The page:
Greely went back on top on an O'Shea leaner and McDevitt took a pass from Hanley and made a shot for a 36-32 advantage, but back roared the Knights, as Martin hit a corner 3, then, with 2:26 left in the frame, Martin made another 3 for Poland's first lead, 38-36.
An O'Shea jumper tied it, but Tyler Michaud made two free throws. After Train tied the game with a layup, Martin drove for a layup. Two O'Shea foul shots with 22.3 seconds left made it 42-42 heading for the frenetic fourth.
Poland opened the final stanza with a layup from Fossett. McDevitt pulled the Rangers within one with a foul shot, but Tyler Michaud drained a baseline jumper.
With 6:26 left, McDevitt found a wide open Train up top and Train buried a 3, but Michaud drove for a layup, was fouled and converted the three-point play with a free throw to give the Knights the lead for good.
With 5:28 to go, McDevitt was whistled for his fourth foul and Young made one of two free throws for a four-point advantage, 50-46.
After Young scored on a putback, Young made a leaner and the lead was eight, 54-46.
McDevitt made a free throw, but Michaud set up Fossett for a layup. After McDevitt made another foul shot, Martin hit two and Poland impossibly had a double digit advantage, 58-48.
With 2:53 to go, Greely's comeback hopes took a serious hit when McDevitt was called for a charge, his fifth foul, and had to leave the game.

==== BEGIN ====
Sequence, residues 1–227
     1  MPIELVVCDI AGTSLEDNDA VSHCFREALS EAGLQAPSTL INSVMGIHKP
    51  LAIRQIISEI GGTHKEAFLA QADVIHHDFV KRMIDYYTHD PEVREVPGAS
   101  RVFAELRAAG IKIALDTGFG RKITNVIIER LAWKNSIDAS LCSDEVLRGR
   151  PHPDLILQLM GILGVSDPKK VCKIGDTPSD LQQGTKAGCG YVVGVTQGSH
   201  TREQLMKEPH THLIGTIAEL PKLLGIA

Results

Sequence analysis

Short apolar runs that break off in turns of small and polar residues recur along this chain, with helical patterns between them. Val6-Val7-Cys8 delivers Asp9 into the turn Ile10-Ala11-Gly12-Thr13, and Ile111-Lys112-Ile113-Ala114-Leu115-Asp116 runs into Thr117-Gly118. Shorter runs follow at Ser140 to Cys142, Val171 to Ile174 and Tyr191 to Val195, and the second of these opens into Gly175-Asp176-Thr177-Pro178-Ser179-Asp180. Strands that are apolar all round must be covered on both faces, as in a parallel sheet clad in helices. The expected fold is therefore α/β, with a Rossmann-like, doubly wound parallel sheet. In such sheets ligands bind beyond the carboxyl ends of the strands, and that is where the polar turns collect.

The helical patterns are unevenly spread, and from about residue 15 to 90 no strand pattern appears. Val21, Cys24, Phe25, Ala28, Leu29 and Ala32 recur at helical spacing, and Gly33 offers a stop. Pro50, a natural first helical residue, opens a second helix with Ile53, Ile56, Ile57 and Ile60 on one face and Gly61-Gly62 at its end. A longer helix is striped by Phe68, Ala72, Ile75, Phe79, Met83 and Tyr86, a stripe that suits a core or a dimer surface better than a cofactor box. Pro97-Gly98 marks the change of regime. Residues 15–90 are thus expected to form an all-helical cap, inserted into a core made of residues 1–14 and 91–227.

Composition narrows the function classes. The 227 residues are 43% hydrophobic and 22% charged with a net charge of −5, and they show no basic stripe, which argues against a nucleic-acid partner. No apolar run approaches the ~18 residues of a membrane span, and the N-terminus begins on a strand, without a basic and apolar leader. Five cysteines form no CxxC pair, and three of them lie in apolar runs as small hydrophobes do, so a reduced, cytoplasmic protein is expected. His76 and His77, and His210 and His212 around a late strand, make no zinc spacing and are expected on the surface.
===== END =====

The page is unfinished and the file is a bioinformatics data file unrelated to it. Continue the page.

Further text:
"We wanted to take charges," Martin said. "That was the game plan. We knew he'd try to take over. We got ourselves in position."
Hanley kept hope alive with a putback, but Michaud made two free throws and Martin hit one, giving the Knights their biggest lead, 61-50.
The Rangers then embarked on a furious rally in the final minute, one which almost stole victory from the jaws of defeat.
With 52.3 seconds to go, Train hit a long, contested 3. Thirteen seconds later, he made another, this one from the far right corner and just like that, Greely was only down five, 61-56, with plenty of time left.
"Bailey's a great shooter and he's a gamer," Seaver said. "It's nice to have him on the floor."
After Derek Michaud missed two foul shots, Rangers sophomore Matt McDevitt buried a 3 and suddenly, Greely had more than a pulse, it had legitimate hope, trailing by only two, 61-59, and Poland was putting its coach and fans through the wringer once more.
"That was nervewracking," Martin said. "The whole tournament we've done that. I think our parents are pretty mad at us for that."
"I've gotten a lot of gray hairs the past two weeks," said Tracy.
But on the ensuing inbounds pass, Derek Michaud threw a touchdown pass that Young tipped to Gary, who made a layup while being fouled. He missed the free throw, but Poland was back on top by two possessions, 63-59.
"That play over the top was a backbreaker," Seaver said.
Derek Michaud then stole the ball and although Tyler Michaud missed two foul shots with 6.5 seconds to go, the Rangers had run out of chances and the Knights prevailed in epic and astonishing fashion.
"The whole community was behind us today," Martin said. "It was a lot of fun. We were also fan favorites being the 6 seed. We have a lot of respect for Greely. They set the precedent this year. They beat every team in our conference and even beat Falmouth.
"I always knew we had the ability and talent. In the final three weeks of the season, we came along with mental toughness. Now that it's happened, we keep pinching ourselves. This is the first time in Poland's history that we're here. We played like we had nothing to lose, because we didn't. I'm still in disbelief. It's another thing to marvel at. We're a resilient bunch."